Welcome to Elrha’s new home for publications! This free and easy to use tool holds every output from the work we fund through our two programmes; Humanitarian Innovation Fund (HIF) and Research for Health in Humanitarian Crises (R2HC), as well as anything produced or commissioned by Elrha.
You’ll find a variety of publications from gap analyses and peer reviewed journals, to case studies and evaluations, from across the diverse portfolio of work we fund in the humanitarian community.
142 research items
20/03/2017 HIF Report,
Author: Alice Obrecht, Alexander T. Warner,
Monitoring Humanitarian Innovation
Monitoring is critical to humanitarian action. In the context of humanitarian innovation, monitoring is particularly important due to the uncertain nature of the work. This uncertainty means that humanitarian innovators need to keep a constant eye on their process and the wider environment so as to respond or adapt appropriately. Current monitoring approaches have significant value in the day-to-day of innovation processes, yet they are rarely tailored for innovation contexts. They are therefore often inadequate for monitoring the progress of an innovation process or its likelihood of achieving success.
The aim of this Working Paper is to propose a new framework that can aid innovation managers and teams in the monitoring of their innovation’s progress towards success. This framework is called the ALNAP Innovation Milestones. It draws from the analysis of 15 initiatives funded by the Humanitarian Innovation Fund (HIF), and the Elrha-ALNAP research on what factors contribute to successful innovation processes (Obrecht and Warner, 2016).
01/03/2017 R2HC Report,
Authors: Karl Blanchet, Séverine Frison, James Smith,
Lead organisation: LSHTM,
Review of Evidence Supporting the Sphere Standards
This review is the result of a collaboration between Elrha, the London School of Hygiene and Tropical Medicine (LSHTM) and the Sphere Project. Funded by DIFD and the Wellcome Trust, The Research for Health in Humanitarian Crises (R2HC) programme commissioned LSHTM to conduct a review of the evidence supporting the Sphere standards. This report contributes to the 2018 revision of the Sphere Handbook by providing rigorous analysis of existing evidence and supporting the production of new empirical evidence where appropriate.
01/03/2017 R2HC Report,
Authors: Séverine Frison, Karl Blanchet,
Survey on the Knowledge, Use, Structure and Content of the Sphere Handbook
This survey is the result of a collaboration between Elrha, the London School of Hygiene and Tropical Medicine (LSHTM) and the Sphere Project. Funded by DIFD and the Wellcome Trust. The Research for Health in Humanitarian Crises (R2HC) programme commissioned LSHTM to document the level of empirical evidence on which the Sphere Handbook current principles and indicators are based, and to conduct a user survey to gather feedback on the Handbook content and structure. The review and survey were conducted in close collaboration with the Sphere Project, and have contributed to the process of the 2017 Handbook update.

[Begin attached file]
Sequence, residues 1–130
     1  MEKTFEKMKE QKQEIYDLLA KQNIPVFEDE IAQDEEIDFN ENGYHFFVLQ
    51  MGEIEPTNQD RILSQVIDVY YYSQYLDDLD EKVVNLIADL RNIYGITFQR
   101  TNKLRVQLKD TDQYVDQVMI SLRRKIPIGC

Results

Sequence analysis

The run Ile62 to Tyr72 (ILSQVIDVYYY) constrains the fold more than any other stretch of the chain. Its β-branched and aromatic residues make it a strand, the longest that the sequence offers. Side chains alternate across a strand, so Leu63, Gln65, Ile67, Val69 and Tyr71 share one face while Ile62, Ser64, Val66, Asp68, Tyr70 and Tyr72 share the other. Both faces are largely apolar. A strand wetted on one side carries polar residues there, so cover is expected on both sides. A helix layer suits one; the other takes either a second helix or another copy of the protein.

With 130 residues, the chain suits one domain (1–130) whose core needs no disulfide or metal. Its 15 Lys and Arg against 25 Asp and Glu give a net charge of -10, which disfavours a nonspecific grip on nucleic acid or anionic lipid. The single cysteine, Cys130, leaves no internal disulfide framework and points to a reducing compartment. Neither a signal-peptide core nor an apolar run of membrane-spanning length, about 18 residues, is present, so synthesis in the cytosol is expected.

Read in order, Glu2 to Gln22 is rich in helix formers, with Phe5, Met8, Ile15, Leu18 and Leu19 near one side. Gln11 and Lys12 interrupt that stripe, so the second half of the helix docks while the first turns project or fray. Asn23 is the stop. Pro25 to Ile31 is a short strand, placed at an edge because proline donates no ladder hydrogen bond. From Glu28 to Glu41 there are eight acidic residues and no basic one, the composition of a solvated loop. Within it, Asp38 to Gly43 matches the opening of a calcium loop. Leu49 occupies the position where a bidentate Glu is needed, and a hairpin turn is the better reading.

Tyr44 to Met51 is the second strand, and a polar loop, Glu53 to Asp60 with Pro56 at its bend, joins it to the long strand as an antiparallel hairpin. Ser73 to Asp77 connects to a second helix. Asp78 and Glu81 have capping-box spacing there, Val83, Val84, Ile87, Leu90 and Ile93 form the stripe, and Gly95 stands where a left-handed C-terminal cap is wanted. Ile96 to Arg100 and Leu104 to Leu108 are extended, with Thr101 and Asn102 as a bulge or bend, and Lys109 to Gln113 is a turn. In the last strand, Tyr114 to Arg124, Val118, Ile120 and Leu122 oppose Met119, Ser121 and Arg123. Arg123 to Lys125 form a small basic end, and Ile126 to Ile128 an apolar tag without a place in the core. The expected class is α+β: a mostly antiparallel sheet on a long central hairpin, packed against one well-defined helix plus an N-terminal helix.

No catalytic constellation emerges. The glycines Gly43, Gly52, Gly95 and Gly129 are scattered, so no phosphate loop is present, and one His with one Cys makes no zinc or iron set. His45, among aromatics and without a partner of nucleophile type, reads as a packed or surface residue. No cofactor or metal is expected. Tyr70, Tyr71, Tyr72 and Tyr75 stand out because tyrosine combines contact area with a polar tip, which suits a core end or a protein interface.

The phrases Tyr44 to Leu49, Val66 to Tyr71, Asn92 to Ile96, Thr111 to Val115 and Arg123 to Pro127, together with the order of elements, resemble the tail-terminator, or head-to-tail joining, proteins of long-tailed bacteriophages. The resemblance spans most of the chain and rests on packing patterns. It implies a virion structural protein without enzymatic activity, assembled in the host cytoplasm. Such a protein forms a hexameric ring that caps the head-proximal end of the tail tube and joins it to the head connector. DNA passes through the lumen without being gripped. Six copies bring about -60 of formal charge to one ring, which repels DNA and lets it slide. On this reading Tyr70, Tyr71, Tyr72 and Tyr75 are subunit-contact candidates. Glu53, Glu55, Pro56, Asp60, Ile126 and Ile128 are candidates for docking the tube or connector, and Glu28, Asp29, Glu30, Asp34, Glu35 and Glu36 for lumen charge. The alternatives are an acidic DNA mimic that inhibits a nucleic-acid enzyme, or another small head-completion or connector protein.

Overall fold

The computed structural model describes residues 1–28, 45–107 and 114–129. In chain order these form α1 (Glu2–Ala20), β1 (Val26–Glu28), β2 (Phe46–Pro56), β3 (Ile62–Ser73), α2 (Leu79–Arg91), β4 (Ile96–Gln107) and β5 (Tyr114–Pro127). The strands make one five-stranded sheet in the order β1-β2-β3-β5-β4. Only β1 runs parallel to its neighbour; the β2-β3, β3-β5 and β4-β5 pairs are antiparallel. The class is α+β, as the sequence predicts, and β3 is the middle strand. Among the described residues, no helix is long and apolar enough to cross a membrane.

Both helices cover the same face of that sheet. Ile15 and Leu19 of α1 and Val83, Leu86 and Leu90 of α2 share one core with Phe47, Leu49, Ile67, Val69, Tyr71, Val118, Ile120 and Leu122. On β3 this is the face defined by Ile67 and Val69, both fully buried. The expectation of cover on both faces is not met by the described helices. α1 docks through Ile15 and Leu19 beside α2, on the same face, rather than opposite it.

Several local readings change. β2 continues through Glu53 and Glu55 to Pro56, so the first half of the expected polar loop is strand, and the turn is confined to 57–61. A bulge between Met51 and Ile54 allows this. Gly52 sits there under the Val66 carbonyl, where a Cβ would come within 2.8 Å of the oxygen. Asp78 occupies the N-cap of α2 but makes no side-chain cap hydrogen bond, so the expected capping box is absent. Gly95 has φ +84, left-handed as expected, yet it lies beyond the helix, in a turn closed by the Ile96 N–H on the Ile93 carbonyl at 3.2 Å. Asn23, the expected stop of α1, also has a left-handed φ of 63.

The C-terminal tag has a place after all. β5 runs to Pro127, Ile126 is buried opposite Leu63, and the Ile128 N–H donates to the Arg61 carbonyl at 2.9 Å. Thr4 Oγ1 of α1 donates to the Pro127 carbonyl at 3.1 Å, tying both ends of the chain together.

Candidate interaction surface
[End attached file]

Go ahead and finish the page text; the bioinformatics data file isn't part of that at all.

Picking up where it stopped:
06/01/2017 HIF Evaluation,
Author: Alice Obrecht,
Lead organisation: ALNAP,
Evaluating Humanitarian Innovation
Over 2015-6 ALNAP – in partnership with Elrha’s Humanitarian Innovation Fund (HIF) – looked at how to define innovation in humanitarian action, and what successful innovation looks like. 15 innovations in the humanitarian sector were chosen as case studies to provide an empirical evidence base for the final research study ‘More than just luck: innovation in humanitarian action’.
Following on from these foundations, ALNAP and the HIF developed the implications of their research findings for monitoring and evaluating humanitarian innovation processes, producing two working papers on these topics.
The ultimate aim of the research is to improve humanitarian actors’ understanding of how to undertake and support innovative programming in practice. This research partnership builds on ALNAP’s long-running work on innovation in the humanitarian system, beginning with its 2009 study, Innovations in International Humanitarian Action, and draws on the experience of the HIF grantees, which offer a realistic picture of how innovation actually happens in humanitarian settings.
01/01/2017 HIF Literature Review,
Author: Julie Marshall, Helen Barrett,
Understanding Sexual and Gender- Based Violence against Refugees with a Communication Disability
This literature review was undertaken as part of the collaborative project by Manchester Metropolitan University, Communicability Global, UNHCR Rwanda and Institute for Human Centered Design, in 2016.
Since there are extremely few publications on the specific risk or experience of refugees with communication disability to SGBV, this review describes, synthesises and summarises contributions made to the literature in the fields of disability, communication disability, and sexual and gender-based violence both in humanitarian and non-humanitarian contexts, to give the reader a holistic understanding of the issues addressed in the accompanying project, Supporting refugee survivors of Sexual and Gender- Based Violence who have a Communication Disability – Rwanda.